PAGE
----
Thursday, 12 April 2012

Cradle to Cradle


Effective natural resource management will soon become a decisive competitive factor in business. It will separate the companies that understand how to adapt to the new economic agenda from the rest, and adopting the Cradle-to-Cradle approach could facilitate this shift.

by Peter Bjerregaard 

The race for resources is elevating on the global agenda and the ability to use resources – from metal and water to minerals and oil – as efficiently as possible, will become much more important than classical wage competitiveness, which classical economic thinking suggests. 

“The companies and nations that insist on competing on wages will increasingly be confronted with problems, whereas those who understand that the future competition is based on the access to, and reuse of resources, will see completely different opportunities,” says Prof. Katherine Richardson, Director of the Sustainability Science Centre at Copenhagen University. 

Her point is supported by Jeremy Oppenheim, Director at the consulting firm, McKinsey & Company, who recently co-authored a report on the resource economy. 

“There is no doubt that resource efficiency is the new indicator for competitiveness and will weigh heavier than access to cheap labour. Resources are a concern all companies should put in the centre of their strategy – otherwise they only have a slight chance to survive when commodity prices take off,” says Jeremy Oppenheim.


Commodity prices have increased sharply since 2000, erasing all the declines of the 20th century.


An example of the rising demand for commodities is the price volatility for neodymiumoxid. Neodymiumoxid is used for magnets and is also used for building windmills. Between 2001 and 2011 the price for one kilo increased from approx. 40 USD to 1,200 USD. The price shock hit a range of industries from producers of hard disks to manufactures of electric cars. Today the price is 160 USD but demand is expected to almost double within the next three years. 

The McKinsey report shows that between 20 and 30% of the resources needed in 2030 can be gained simply by using current resources more efficiently. Translated into monetary terms, this means potential savings for up to €800 billion globally. And on top of this are the environmental benefits.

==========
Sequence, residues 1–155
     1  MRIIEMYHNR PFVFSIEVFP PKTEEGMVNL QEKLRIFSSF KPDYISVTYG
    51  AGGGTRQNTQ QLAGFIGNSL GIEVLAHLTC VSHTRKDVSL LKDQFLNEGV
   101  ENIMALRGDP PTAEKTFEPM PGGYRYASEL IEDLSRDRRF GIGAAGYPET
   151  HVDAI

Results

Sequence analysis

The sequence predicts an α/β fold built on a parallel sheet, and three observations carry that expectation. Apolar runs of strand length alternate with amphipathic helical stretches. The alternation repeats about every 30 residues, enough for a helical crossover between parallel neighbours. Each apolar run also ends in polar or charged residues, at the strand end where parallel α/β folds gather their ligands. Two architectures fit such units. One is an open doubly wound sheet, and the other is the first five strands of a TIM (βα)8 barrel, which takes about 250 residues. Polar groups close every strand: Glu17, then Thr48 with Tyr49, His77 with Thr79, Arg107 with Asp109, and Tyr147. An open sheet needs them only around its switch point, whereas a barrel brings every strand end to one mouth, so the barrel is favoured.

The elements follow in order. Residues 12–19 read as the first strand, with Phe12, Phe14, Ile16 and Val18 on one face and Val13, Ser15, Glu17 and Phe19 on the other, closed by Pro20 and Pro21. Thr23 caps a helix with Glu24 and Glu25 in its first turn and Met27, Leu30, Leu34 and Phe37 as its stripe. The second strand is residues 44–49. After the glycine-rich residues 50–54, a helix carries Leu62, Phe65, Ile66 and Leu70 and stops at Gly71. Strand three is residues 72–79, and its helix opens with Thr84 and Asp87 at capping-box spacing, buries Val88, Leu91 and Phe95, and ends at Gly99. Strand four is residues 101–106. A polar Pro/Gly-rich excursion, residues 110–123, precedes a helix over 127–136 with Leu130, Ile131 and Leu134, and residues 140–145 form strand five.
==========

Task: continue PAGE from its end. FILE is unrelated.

In a response to these challenges, companies are increasingly moving towards a Cradle-to-Cradle approach. Incorporating this approach means perceiving all inputs as valuable and the concept of waste, as we know it, does not exist. 

In 2010, the Danish furniture fabric manufacturer Gabriel, was the first Danish company to receive a C2C (Cradle to Cradle) certification. The company has developed a range of new fabrics without chemical addictives or harmful colours, which ensures the fabrics can be used for other products or re-enter the biological circle after use. 

Although C2C is a relatively new concept in Denmark, the idea is gaining traction. For example, C2C is incorporated into the new national waste plan. 

A few other prominent Danish companies are on the way to certification, and others use the principles to optimise their value chains. “It’s not about being perfect from the beginning, but about getting started,” says CEO Søren Lyngsgaard at EPEA Kopenhagen, the central Cradle to Cradle hub in Denmark. 

“The vision that our products will have a positive effect on the bottom line not merely in economic and social terms, but also for the environment, is enough to make it worth starting,” says Søren Lyngsgaard and points to the rising shortages of oil, phosphorus, copper, biodiversity and many other resources as trend drivers. 

There are several more examples of companies that are trying to create “closed-loop systems” for products where the components can be reused or are biodegradable: 
  • Mushroom-based packaging from Ecovative Design instead of Styrofoam. This is biodegradable and uses 98% less energy to produce. 
  • Nestle’s USA manufacturing facility in Freehold, New Jersey, sells spent coffee grounds to fire log producers. 
  • Steelcase, Herman Millers Chairs are designed to be easily disassembled into smaller parts, which can be recycled. 
  • Coca-Cola has together with Emeco created the 111 Navy Chair that is made from 111 plastic bottles of Coca-Cola.

Photo courtesy of emecowithcoke.com


Main principles of C2C: 

Waste = nourishment
The concept of waste is eliminated. Instead of piling up waste, we turn it into nourishment for nature or for the next generation of products, creating biological and technical cycles where the products are composted or recycled in new production.

Renewable energy
Instead of burning fossil fuels and having a negative impact on our surroundings, we use renewable energy.

Variety
Nature’s ecosystems are a multiplicity of complex cycles developed and designed in harmony with the immediate and very special surroundings. Human design profits from this variety and should take this into account.

More information: 
The Story of Stuff Project
McKinsey & Company
McDonough Braungart Design Chemistry 

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